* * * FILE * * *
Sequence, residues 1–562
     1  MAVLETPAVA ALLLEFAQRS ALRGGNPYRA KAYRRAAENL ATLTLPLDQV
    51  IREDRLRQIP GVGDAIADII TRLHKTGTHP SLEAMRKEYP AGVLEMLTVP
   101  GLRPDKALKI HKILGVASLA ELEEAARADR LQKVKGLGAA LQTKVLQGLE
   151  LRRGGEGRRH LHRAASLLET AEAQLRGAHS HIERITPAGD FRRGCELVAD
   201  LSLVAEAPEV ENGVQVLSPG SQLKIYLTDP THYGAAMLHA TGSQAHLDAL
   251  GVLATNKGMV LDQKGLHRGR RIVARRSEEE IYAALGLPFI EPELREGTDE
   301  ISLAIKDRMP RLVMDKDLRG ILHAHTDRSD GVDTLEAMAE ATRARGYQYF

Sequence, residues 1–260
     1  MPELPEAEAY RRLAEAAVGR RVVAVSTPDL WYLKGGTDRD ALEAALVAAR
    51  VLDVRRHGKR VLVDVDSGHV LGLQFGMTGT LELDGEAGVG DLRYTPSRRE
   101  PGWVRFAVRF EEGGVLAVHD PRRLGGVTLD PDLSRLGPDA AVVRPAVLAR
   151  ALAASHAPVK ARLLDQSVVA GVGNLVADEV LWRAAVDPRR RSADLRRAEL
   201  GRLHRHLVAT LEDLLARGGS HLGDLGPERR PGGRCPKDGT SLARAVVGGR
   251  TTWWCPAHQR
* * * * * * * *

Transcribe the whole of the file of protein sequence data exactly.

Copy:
Sequence, residues 1–562
     1  MAVLETPAVA ALLLEFAQRS ALRGGNPYRA KAYRRAAENL ATLTLPLDQV
    51  IREDRLRQIP GVGDAIADII TRLHKTGTHP SLEAMRKEYP AGVLEMLTVP
   101  GLRPDKALKI HKILGVASLA ELEEAARADR LQKVKGLGAA LQTKVLQGLE
   151  LRRGGEGRRH LHRAASLLET AEAQLRGAHS HIERITPAGD FRRGCELVAD
   201  LSLVAEAPEV ENGVQVLSPG SQLKIYLTDP THYGAAMLHA TGSQAHLDAL
   251  GVLATNKGMV LDQKGLHRGR RIVARRSEEE IYAALGLPFI EPELREGTDE
   301  ISLAIKDRMP RLVMDKDLRG ILHAHTDRSD GVDTLEAMAE ATRARGYQYF

Sequence, residues 1–260
     1  MPELPEAEAY RRLAEAAVGR RVVAVSTPDL WYLKGGTDRD ALEAALVAAR
    51  VLDVRRHGKR VLVDVDSGHV LGLQFGMTGT LELDGEAGVG DLRYTPSRRE
   101  PGWVRFAVRF EEGGVLAVHD PRRLGGVTLD PDLSRLGPDA AVVRPAVLAR
   151  ALAASHAPVK ARLLDQSVVA GVGNLVADEV LWRAAVDPRR RSADLRRAEL
   201  GRLHRHLVAT LEDLLARGGS HLGDLGPERR PGGRCPKDGT SLARAVVGGR
   251  TTWWCPAHQR